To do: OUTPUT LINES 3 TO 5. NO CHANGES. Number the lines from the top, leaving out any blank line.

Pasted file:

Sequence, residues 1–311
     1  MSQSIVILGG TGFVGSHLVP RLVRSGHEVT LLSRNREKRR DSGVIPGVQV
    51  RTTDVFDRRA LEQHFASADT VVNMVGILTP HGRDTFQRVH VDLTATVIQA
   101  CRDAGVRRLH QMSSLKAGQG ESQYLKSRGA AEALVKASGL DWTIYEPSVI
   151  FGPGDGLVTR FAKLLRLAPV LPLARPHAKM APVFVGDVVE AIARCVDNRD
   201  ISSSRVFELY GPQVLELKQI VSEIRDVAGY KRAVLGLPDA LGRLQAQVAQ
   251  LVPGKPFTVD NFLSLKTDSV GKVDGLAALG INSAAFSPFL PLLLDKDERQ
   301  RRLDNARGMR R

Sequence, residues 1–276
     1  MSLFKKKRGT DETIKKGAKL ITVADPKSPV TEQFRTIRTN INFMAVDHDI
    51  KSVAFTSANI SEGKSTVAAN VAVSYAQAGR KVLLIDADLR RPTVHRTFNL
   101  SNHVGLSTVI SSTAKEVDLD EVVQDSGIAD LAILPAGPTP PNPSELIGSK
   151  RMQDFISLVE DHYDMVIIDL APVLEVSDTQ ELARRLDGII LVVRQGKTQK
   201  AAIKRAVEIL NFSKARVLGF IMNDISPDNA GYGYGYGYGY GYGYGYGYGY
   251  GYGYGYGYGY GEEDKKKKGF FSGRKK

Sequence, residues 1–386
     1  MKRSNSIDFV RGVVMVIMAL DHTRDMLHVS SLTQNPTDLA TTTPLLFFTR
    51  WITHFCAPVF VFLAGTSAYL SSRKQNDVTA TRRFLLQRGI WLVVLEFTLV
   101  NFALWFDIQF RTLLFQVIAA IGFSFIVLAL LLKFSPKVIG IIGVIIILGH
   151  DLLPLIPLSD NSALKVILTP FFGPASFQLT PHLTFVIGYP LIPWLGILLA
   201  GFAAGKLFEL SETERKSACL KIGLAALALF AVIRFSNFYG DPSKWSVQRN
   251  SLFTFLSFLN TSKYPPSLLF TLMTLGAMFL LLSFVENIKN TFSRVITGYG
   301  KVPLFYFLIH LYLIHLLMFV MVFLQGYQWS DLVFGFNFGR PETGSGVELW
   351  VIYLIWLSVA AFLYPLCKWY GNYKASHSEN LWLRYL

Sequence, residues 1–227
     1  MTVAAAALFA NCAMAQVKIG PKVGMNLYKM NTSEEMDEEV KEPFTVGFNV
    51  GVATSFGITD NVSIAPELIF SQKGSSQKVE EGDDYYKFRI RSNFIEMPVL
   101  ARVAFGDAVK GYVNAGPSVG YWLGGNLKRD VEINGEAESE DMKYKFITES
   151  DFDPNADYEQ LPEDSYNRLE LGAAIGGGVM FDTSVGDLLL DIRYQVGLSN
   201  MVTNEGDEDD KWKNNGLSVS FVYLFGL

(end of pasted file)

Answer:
    51  RTTDVFDRRA LEQHFASADT VVNMVGILTP HGRDTFQRVH VDLTATVIQA
   101  CRDAGVRRLH QMSSLKAGQG ESQYLKSRGA AEALVKASGL DWTIYEPSVI
   151  FGPGDGLVTR FAKLLRLAPV LPLARPHAKM APVFVGDVVE AIARCVDNRD